Israel soon sent fighter jets into Syria to attack the T4 military base near the Syrian city of Palmyra, from which the drone supposedly was launched. Syrian forces in turn responded with what the Israeli military called “substantial Syrian anti-aircraft fire”, which appears to have caused the crash of an Israeli fighter jet after its two-member crew ejected.

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The crew members were taken to hospital; one is reported to be in a serious condition.

“This is the first such incident in the last 30 years,” Israeli military journalist Amos Harel wrote on Saturday, adding that Syria’s willingness to retaliate for Israeli air strikes showed “the regime’s new-found sense of power”.

In a statement, Hezbollah said that the downing of the Israeli F-16 marked a “new strategic phase” in the conflict.

“Today’s developments mean the old equations have categorically ended,” the group said in a statement.

After the downing of the fighter jet, the Israeli military struck again, targeting 12 military sites in Syria – eight Syrian and four that it says were Iranian – marking Israel’s most significant strikes in Syria in decades. Brig. Gen. Tomer Bar, second-in-command of Israel’s air force, told Haaretz newspaper that these strikes were “the biggest and most significant attack the air force has conducted against Syrian air defences” since the 1982 Lebanon War.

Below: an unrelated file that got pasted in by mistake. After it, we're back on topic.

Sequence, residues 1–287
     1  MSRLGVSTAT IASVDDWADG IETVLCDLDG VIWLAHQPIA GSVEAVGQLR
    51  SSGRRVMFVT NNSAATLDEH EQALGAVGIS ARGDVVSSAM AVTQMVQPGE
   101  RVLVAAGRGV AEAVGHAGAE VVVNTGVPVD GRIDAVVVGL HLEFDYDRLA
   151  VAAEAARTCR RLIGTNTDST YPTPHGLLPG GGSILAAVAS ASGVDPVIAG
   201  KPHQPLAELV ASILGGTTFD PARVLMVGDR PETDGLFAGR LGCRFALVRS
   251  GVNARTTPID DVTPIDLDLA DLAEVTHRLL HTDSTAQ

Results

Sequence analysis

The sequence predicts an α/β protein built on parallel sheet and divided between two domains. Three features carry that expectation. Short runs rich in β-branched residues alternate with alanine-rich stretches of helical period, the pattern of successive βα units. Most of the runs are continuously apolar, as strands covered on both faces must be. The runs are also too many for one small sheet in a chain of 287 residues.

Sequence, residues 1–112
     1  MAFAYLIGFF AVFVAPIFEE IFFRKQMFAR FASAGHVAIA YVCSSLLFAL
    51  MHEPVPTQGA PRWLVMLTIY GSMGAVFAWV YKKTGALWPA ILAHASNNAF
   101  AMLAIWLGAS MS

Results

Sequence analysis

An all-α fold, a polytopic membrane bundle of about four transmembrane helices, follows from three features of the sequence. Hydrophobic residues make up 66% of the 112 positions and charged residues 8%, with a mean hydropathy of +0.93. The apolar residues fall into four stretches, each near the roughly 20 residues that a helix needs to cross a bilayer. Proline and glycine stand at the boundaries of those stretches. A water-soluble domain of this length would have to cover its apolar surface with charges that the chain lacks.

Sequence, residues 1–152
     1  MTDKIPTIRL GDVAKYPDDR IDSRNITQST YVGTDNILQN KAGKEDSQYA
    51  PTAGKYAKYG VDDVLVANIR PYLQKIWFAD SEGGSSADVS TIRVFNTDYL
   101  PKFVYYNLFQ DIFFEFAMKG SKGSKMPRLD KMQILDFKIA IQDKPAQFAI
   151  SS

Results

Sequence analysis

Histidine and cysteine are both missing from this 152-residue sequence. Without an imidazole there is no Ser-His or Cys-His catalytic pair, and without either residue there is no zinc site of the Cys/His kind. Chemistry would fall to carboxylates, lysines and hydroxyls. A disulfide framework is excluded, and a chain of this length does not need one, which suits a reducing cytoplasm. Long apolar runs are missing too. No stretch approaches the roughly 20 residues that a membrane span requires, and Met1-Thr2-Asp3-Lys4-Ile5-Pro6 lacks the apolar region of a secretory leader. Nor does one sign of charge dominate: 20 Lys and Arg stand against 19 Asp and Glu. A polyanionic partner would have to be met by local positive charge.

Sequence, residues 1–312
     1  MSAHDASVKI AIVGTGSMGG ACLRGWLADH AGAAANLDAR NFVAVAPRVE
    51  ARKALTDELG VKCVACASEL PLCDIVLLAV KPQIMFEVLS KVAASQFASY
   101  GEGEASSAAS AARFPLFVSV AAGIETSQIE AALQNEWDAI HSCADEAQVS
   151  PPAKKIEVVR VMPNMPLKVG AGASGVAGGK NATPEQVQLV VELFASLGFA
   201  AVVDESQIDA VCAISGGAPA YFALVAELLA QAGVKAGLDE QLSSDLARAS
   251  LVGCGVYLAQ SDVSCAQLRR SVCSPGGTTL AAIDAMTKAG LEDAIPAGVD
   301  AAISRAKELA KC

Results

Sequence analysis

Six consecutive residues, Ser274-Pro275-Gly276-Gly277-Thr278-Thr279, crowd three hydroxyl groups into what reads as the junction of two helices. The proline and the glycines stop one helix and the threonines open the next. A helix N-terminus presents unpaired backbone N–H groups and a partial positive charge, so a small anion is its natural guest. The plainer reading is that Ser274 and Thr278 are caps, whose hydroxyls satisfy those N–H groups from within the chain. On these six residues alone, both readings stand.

If Israel became more militarily involved in the conflict, what would it mean for the Syrian war – and the wider region?

Open conflict across the Syrian border is unlikely to be in the interest of either Israel or Iran-aligned forces at the moment. But the tit-for-tat fighting shows that neither side is willing to back down. If the conflict escalates, it could end up adding a dangerous angle to the ongoing Syrian conflict – and one that could wind up involving other powers in the region and beyond.

The T4 military base struck by Israel on Saturday houses not only Syrian soldiers but Russian military officers, too. Some Israeli observers have said it is hard to imagine that the Russians there would not have known about the Iranian drone or the subsequent anti-aircraft fire. Awkwardly, late last month, Netanyahu visited Moscow to push Russia to rein in its Iranian allies in Syria.

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The United States, a key Israeli ally, is already involved in the Syrian conflict, backing Syrian rebels, and at times has found itself at odds with Russia. This past week, US warplanes bombed pro-government forces after they allegedly advanced on US-backed forces in the eastern province of Deir ez-Zor. Defence Secretary Jim Mattis has said it is unclear whether Russian contractors were among those involved in that advance.

The US- and Russian-backed forces had a common enemy in Islamic State, but as the fight against IS forces is winding down, new conflicts seem to be rising in Syria. Turkey, for example, recently launched its own offensive against Kurdish fighters in Syria’s north, placing it in de facto opposition to the United States, which had allied itself with some Kurdish forces to defeat IS forces.

An open conflict between Israel and Iranian-backed forces would add to the entanglements and chaos in Syria. It would also risk pulling neighbouring Lebanon or other Arab states into a new war, too.